Today’s guest post was written by a Rachel Greiner, a participant on the Camp Tawonga – Yahel summer program in Yavne, Israel. Designed for teens entering 11th and 12th grade, the program, which is run in collaboration with our Israeli partner Friends by Nature, provides teens with a unique opportunity to build relationships with Ethiopian-Israeli teens and participate in community-based empowerment work. By volunteering and traveling side-by-side, teens from both Tawonga and Israel engage in cross-cultural exchanges and experiences.
Perhaps the most awesome feeling in the world is the feeling you get when you step off the airplane and suddenly in your fuzzy, befuddled, and jet lagged state realize that you are really, truly on the other side of the planet.
Logic will, of course, tell you that after about seventeen hours on a plane, ending up rather far away from where you came from is not exactly an unexpected outcome and frankly, the fact that you are surprised is silly, seeing as you have already had at least seventeen hours to acquaint yourself to the fact.
Regardless, your heart races as you glance around the airport curiously, searching your surroundings for ways to distinguish this country from the one you left. Your friendly Israeli guide herds you out of the airport and onto a bus.
You try to eavesdrop on the people walking next to you but you can’t because you realize -and laugh to yourself at the strangeness if it all- you simply can not understand the language. Later, when you look out over Jerusalem at night from the hotel balcony, you realize that the people here drive different types of cars and prefer a different type of architecture. Even the food you snack on in your tired, homesick state has a foreign name and a foreign taste. The trees look weird and the heat is a wet, humid reminder of just how far from home you are.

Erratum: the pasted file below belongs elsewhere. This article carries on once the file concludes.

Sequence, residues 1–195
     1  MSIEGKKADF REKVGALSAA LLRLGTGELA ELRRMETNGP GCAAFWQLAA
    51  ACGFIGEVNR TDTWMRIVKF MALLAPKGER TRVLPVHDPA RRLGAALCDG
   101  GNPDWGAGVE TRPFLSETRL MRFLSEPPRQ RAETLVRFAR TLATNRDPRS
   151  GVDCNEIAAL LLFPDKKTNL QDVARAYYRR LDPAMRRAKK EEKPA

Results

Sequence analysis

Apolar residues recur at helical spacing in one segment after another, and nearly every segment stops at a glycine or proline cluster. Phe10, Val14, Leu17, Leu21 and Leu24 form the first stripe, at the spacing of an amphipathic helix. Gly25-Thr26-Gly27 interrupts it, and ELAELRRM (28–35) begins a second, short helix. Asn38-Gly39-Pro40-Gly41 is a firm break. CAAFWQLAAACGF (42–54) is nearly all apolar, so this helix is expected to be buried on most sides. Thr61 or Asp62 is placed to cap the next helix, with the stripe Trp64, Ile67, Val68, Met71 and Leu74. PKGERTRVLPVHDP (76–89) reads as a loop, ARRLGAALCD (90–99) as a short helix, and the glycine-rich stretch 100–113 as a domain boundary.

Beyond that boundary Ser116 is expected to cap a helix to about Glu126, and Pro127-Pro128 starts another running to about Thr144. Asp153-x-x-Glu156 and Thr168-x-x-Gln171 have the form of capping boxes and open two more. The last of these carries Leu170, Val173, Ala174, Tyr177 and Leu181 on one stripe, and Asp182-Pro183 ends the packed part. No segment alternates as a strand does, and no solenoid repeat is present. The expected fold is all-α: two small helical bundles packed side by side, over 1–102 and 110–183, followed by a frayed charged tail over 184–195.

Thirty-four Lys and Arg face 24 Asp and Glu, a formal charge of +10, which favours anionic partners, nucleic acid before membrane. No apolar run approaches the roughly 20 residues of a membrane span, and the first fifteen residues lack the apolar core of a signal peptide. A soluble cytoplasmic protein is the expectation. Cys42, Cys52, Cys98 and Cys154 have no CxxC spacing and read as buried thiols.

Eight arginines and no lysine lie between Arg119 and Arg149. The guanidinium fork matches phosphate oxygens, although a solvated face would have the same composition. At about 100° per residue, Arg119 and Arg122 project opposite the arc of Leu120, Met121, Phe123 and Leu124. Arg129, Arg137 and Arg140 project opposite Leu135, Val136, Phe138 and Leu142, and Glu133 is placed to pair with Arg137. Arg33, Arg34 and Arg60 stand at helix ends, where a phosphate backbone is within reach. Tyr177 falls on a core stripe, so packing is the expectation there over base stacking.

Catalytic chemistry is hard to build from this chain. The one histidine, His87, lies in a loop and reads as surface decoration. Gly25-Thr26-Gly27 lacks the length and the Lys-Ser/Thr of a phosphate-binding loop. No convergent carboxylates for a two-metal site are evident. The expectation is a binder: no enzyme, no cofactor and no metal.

It doesn’t stop there, though. The next day at breakfast the food is strange -and though good- it is unfamiliar. The city you tour is ancient and emotionally overwhelming.
There is something nice about it, though. The friendliness of the locals and the simple beauty of the country is welcoming. At first, the similarities to home come as disappointments. This country still has litter and McDonalds. There are still economically disadvantaged communities and terrible drivers.
However, as you write a quick reflection of your adventures for the website of the organization that is helping to facilitate your trip, you get distracted by the Israeli teenagers you have become friends with. As you watch them chase a seven year old around, tickling him, you catch yourself laughing and suddenly you realize how comfortable you are here. You realize how much you have learned about the country and its people. You understand that somehow you have overcome language barriers and cultural differences.
Perhaps the most awesome feeling in the world is to realize that on the other side of the planet, you feel content.